Charity shops. Staple of the British High Street, and a really important source of revenue for many charities. Some parts of English towns seem to have few other shops these days, and on my visits back to Harrogate and Ripon, that’s where you’ll find me, stocking up on piles of second-hand books at bargain-basement prices. And not just books. I have a classic lovat green Loden coat, much admired by whoever sees it, current selling price anything up to £500, which I found in St. Michael’ Hospice Shop in Harrogate for £10.
So here in France, I miss charity shops. Emmaüs, the international charity focussing on poverty and homelessness concentrates in its large, warehouse-like shops on quantities of furniture and household goods, and a bit of everything else too, but they’re often away from the town centre. Our local one in Lavelanet is daunting in size, shabby and a little unappetising.
Secours Populaire here in Laroque, as in many towns, provides a lifeline for families in difficulty. It sells donated clothes and other goods, but it doesn’t advertise itself, and is mainly appreciated by those whom it sets out directly to help. The branch here is in an upstairs room, and is staffed for one afternoon a week only by a cheery team of volunteers who see no need to market the service they provide to a wider constituency, or to go in for careful artistic displays of the goods on offer. It’s clearly not a shop in the ordinary everyday sense.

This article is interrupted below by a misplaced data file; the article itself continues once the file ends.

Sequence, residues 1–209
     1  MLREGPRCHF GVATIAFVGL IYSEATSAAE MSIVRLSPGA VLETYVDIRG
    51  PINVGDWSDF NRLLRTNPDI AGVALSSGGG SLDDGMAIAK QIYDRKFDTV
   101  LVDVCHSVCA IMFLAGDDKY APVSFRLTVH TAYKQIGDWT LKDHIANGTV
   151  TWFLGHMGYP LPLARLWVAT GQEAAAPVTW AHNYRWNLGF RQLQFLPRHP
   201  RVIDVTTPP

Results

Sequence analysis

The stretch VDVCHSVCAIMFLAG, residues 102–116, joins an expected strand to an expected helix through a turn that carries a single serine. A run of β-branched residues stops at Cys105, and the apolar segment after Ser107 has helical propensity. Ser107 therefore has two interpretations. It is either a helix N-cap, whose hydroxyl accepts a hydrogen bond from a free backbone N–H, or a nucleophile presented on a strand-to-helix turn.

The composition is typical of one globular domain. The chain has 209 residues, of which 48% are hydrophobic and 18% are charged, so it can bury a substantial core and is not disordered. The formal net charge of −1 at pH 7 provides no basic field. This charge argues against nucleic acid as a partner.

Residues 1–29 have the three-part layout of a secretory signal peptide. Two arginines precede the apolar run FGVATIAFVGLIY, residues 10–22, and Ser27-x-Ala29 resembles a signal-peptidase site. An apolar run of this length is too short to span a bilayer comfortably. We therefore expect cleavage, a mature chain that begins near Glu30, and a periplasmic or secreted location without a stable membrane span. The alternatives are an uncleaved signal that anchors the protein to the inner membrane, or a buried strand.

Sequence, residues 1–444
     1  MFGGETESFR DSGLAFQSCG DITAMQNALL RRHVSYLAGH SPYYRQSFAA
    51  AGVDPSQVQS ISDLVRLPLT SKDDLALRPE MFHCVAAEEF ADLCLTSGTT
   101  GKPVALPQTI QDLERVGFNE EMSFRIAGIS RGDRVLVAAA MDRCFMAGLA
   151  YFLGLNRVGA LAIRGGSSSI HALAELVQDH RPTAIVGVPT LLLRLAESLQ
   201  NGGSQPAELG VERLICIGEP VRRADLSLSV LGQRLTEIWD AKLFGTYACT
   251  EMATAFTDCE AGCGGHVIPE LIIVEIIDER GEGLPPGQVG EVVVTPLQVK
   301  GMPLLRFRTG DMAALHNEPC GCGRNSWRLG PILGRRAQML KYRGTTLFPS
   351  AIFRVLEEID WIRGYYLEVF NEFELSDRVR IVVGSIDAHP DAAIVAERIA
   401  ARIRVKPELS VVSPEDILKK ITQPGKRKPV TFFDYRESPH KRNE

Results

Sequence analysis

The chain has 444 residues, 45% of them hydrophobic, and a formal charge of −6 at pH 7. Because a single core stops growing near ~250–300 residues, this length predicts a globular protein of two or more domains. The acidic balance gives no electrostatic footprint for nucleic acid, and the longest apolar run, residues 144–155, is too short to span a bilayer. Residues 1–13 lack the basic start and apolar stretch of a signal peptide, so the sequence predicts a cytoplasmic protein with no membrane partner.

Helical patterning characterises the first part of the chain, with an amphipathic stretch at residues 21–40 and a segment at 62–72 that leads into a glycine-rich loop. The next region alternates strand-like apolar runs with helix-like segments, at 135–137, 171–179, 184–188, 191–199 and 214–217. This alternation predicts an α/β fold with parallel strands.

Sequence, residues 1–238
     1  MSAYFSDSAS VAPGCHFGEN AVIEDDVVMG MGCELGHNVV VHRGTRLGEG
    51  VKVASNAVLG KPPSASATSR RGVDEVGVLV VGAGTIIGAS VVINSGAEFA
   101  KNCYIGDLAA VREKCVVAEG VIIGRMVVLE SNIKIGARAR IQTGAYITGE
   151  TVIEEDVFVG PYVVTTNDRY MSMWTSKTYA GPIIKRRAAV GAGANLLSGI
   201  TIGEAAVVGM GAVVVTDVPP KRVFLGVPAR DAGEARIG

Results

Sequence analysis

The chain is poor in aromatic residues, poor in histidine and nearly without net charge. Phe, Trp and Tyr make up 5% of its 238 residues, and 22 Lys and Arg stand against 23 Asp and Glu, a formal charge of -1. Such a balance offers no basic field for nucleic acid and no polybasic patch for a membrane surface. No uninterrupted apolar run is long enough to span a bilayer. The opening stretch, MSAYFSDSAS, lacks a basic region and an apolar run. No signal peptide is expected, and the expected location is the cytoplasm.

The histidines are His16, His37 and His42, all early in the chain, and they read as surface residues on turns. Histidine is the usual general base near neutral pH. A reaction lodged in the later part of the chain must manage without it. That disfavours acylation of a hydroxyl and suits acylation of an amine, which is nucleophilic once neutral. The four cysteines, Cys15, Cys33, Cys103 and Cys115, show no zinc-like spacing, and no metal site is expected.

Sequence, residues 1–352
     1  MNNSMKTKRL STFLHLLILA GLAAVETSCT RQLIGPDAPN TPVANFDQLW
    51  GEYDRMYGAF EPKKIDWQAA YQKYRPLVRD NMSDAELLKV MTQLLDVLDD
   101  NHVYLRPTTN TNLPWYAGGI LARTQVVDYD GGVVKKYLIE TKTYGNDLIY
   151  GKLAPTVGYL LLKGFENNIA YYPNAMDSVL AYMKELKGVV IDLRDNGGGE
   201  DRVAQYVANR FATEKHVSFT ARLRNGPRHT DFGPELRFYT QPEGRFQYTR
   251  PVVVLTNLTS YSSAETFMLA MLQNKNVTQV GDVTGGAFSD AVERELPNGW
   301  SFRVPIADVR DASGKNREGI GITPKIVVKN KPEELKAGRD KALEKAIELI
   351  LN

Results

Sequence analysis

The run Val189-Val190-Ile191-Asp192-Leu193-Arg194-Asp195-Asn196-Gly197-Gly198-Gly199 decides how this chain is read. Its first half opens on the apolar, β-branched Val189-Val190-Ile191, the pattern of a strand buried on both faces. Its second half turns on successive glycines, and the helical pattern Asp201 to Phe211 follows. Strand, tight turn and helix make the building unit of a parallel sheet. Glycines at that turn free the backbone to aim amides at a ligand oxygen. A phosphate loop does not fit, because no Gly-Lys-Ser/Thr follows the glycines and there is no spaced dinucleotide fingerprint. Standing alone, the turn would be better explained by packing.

It was a bit of a shock then to realise a few months ago that the shop that was being refurbished up near the cross roads was going to be a Red Cross Charity Shop, ‘Vestiboutique’. It opened with a ceremony reported in the local press, and has been trading on 4 afternoons a week.
It’s a great place. As in England, there’s a mixture of donated goods, and ends-of-line donated by clothing manufacturers. As in England, the shop window and the stock within have been displayed with taste and care. In the backroom, donations are mended, cleaned and pressed if necessary, before being put on sale. Everything second-hand is either one or two euros, the ends-of-line goods very little more. The day I first went, I found some cheerful trousers, an elegant high-quality pair of ankle boots probably worn only once by their first owner, and a new fleecy hat for winter walks: I parted with 7 euros.
The two members of staff were happy to talk. They’re not volunteers, though they’re not paid much. They were excited to be part of this new development. This shop is the only one in the region, and was sited in Laroque to provide a service in an area of economic difficulty. Trade was brisk they said, and already the shop was much appreciated locally. I told them about the huge variety of English charity shops, from international charities like theirs, to shops for charities seeking to combat disease or support animals, to hospice shops. They were astonished, and couldn’t really imagine the picture I was trying to paint in their minds. Though there are parts of France – Paris for instance – where you’ll find more shops like this, there are no streets like say, Commercial Street in Harrogate, where about a third of the shops now seem to be charity shops. Vestiboutique, for the time being, is unique in the Pays d’Olmes.